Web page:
Jesus says farewell – Part Seventeen (John 17)

We’re continuing in our series through Jesus’ farewell speech in John 14-17. 

The final part of Jesus’ farewell speech records Jesus’ prayer. It’s often called Jesus’ “high priestly prayer,” as he prays on behalf of his people: the disciples gathered around him, and also – quite specifically – for all who would believe in the future through their witness. Which includes us.  Take a look at verses 20-21:

John 17:20-21 My prayer is not for them alone. I pray also for those who will believe in me through their message, 21 that all of them may be one, Father, just as you are in me and I am in you.

Jesus prays for us. He prays for the future church that would be established. Specifically, he prays for its unity – that we would be one.

Which makes you ask – when you look at all of the different denominations and groupings of Christians in the world, not to mention the arguments and even wars that have been fought along those lines – it makes you ask: what went wrong?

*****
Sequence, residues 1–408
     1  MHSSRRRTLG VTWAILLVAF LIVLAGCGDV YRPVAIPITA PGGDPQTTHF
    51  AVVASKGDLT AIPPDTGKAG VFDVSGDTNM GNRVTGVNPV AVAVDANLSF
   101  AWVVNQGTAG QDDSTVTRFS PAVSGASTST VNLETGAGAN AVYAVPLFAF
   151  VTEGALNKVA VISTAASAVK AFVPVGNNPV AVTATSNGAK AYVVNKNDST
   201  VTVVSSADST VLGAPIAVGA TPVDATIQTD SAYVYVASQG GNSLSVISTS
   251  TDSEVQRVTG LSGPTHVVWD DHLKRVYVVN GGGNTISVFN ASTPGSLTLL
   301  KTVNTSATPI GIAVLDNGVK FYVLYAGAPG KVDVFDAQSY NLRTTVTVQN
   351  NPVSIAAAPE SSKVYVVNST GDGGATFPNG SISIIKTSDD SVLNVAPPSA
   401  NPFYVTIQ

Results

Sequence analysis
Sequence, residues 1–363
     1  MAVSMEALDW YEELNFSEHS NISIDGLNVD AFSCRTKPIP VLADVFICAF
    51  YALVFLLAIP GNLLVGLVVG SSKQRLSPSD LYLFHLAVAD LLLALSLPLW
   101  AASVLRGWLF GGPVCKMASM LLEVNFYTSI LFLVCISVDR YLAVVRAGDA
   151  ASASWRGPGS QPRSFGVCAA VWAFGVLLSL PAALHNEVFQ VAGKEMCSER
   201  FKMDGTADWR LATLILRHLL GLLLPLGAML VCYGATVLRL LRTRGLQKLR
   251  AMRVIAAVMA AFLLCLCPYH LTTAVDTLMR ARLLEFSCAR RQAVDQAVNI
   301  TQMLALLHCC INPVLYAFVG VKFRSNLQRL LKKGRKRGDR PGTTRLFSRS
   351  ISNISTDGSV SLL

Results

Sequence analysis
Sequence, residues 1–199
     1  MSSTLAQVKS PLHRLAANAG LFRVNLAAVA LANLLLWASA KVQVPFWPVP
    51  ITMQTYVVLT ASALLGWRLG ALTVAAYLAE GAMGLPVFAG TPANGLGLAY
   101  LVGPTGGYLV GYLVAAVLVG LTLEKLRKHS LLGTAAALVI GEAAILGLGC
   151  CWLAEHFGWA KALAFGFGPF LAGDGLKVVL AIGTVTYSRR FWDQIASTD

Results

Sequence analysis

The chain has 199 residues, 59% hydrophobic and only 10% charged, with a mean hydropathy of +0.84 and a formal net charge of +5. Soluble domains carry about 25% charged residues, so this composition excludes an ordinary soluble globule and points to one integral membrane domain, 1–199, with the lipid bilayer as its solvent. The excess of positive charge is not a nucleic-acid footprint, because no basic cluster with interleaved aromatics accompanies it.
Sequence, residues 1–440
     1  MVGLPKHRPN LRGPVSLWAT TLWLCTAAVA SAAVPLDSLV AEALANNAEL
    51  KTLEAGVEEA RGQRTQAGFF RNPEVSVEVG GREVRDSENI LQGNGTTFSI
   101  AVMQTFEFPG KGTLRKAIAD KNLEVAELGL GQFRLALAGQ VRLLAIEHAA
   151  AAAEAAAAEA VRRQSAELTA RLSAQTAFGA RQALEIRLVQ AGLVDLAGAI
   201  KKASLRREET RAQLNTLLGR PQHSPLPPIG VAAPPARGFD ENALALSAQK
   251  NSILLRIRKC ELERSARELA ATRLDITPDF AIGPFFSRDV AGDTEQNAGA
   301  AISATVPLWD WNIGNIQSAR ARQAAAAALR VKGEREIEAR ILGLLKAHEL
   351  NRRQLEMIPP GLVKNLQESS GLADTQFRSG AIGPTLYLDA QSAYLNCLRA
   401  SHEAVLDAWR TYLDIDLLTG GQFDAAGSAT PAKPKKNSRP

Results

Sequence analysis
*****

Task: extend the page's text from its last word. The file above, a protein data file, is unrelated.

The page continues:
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Jesus says farewell – part eighteen (John 17)

We’re continuing in our series through Jesus’ farewell speech in John 14-17. 

Yesterday, we looked at Jesus’ prayer in John 17:20-21 that we – his church – might be united, might be one. Let’s read part of that prayer again:

John 17:20-23 “My prayer is not for them alone. I pray also for those who will believe in me through their message, 21 that all of them may be one, Father, just as you are in me and I am in you. May they also be in us so that the world may believe that you have sent me. 22 I have given them the glory that you gave me, that they may be one as we are one— 23 I in them and you in me—so that they may be brought to complete unity. Then the world will know that you sent me and have loved them even as you have loved me.”

And, in the light of church history and the proliferation of different denominations today, asked: what went wrong?

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Jesus says farewell – part nineteen (John 17)

We’re continuing in our series through Jesus’ farewell speech in John 14-17. 

So far, we’ve looked at Jesus’ prayer that his church might be one (John 17:20-21) and asked what went wrong? Should we be pursuing unity at all costs – like many would encourage us to do? Before we get to answering that, yesterday we made two important points: that unity doesn’t have to be organisational unity; and that there is a fair amount of functional unity between like-minded Christian groups. Today, we ask an even more fundamental question: must the call to unity take priority over truth?

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